The Securities and Exchange Commission (SEC) is considering accrediting service providers and agents who may assist the public in processing applications for company or partnership registration, and other transactions with the Commission.
The SEC on December 12 released for public comment the proposed rules on the accreditation of company service providers (CSP) and company service agents (CSA) who can assist the transacting public in the registration of partnerships and corporations, as well as the filing of reportorial requirements.
The same practice is currently observed in other jurisdictions such as Singapore, whose Accounting and Corporate Regulatory Authority has institutionalized the accreditation of registered filing agents. The initiative seeks to limit and regulate a smaller filing group who will be responsible for the overall compliance of business entities in a timely manner, in order to avoid late fees and penalties.
The accreditation also seeks to help the transacting public in need of assistance from legal and financial experts on the application for registration for partnerships or domestic corporations, as well as highly technical applications.
The draft rules define a CSP as an accredited SEC-registered corporation or partnership or an entity registered with the Department of Trade and Industry in good standing that provides services such as assistance in the application for registration of a partnership, corporation, or business management consultancy, as indicated in its Articles of Partnership or Incorporation.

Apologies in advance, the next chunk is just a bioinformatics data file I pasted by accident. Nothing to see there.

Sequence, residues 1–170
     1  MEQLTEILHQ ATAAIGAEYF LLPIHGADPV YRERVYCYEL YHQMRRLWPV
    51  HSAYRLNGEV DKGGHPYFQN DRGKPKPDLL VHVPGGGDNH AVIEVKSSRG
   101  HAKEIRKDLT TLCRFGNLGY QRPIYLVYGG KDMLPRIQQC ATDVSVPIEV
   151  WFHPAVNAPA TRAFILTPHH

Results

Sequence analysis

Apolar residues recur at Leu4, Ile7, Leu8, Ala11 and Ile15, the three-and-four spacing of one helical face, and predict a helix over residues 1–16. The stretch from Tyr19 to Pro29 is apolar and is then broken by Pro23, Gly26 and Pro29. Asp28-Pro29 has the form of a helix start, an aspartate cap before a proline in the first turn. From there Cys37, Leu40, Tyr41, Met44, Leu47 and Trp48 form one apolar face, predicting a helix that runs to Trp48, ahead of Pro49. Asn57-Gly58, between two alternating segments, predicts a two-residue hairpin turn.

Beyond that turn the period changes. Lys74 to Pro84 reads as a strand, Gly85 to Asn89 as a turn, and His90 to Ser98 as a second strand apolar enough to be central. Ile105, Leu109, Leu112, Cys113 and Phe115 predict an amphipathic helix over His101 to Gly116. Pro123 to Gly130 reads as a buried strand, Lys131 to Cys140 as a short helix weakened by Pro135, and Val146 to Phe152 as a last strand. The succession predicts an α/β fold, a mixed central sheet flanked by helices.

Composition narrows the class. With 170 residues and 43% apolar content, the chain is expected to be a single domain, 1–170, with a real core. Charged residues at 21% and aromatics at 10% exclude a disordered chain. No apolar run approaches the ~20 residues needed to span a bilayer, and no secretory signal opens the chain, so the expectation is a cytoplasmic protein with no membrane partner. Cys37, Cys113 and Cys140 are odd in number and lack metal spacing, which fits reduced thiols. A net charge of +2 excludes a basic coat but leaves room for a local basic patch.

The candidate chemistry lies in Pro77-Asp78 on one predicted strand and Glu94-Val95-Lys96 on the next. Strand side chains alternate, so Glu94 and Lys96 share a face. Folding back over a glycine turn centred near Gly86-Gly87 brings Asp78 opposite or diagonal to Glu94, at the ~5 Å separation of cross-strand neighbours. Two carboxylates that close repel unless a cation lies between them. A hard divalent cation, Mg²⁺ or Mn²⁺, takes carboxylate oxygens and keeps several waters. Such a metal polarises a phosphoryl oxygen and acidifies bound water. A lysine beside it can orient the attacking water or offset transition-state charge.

Meanwhile, a CSA is a natural person who may be independent or employed with a CSP, and is duly accredited by the SEC to assist in the registration of a partnership and/or all kinds of corporations, and/or other services that may be determined by the Commission. A CSP must employ an SEC-accredited CSA who will also act as its duly authorized representative.
Applications submitted and processed through CSPs or CSAs could see faster turnaround times, as accredited service providers will be given a separate lane to access the SEC Electronic Simplified Processing of Application for Registration of Company (eSPARC). Moreover, they will be deemed complete and correct, and will no longer be subjected to pre-processing by the SEC Company Registration and Monitoring Department (CRMD).
Under the proposed rules, prospective CSAs must pass an online accreditation examination designed to determine their competency in the registration proceedings for corporations and partnerships.
The accreditation exam will consist of four categories. Category A will cover the registration of partnerships or domestic corporations that are wholly Filipino-owned; with foreign stock holdings up to 40%.
Category B will cover the registration of domestic corporations under Category A and domestic corporations under the Foreign Investment Act with more than 40% foreign equity, while Category C will include registrations under categories A and B, plus applications that require a secondary license.
Meanwhile, Category D will cover the licensing of foreign corporations, such as branch/representative offices and regional area headquarters/regional operating headquarters.
Those who pass all categories will be authorized to assist in the filing of reports in compliance with SEC Memorandum Circular No. 28, Series of 2020, and the submission of annual reportorial requirements.
The Certificate of Accreditation as an independent CSA or CSP shall be valid for three years following its date of issuance, renewable every three years thereafter.
All CSAs are required to undergo a continuing learning program consisting of at least 20 hours of SEC trainings/seminars as approved by the Commission within their threeyear accreditation period.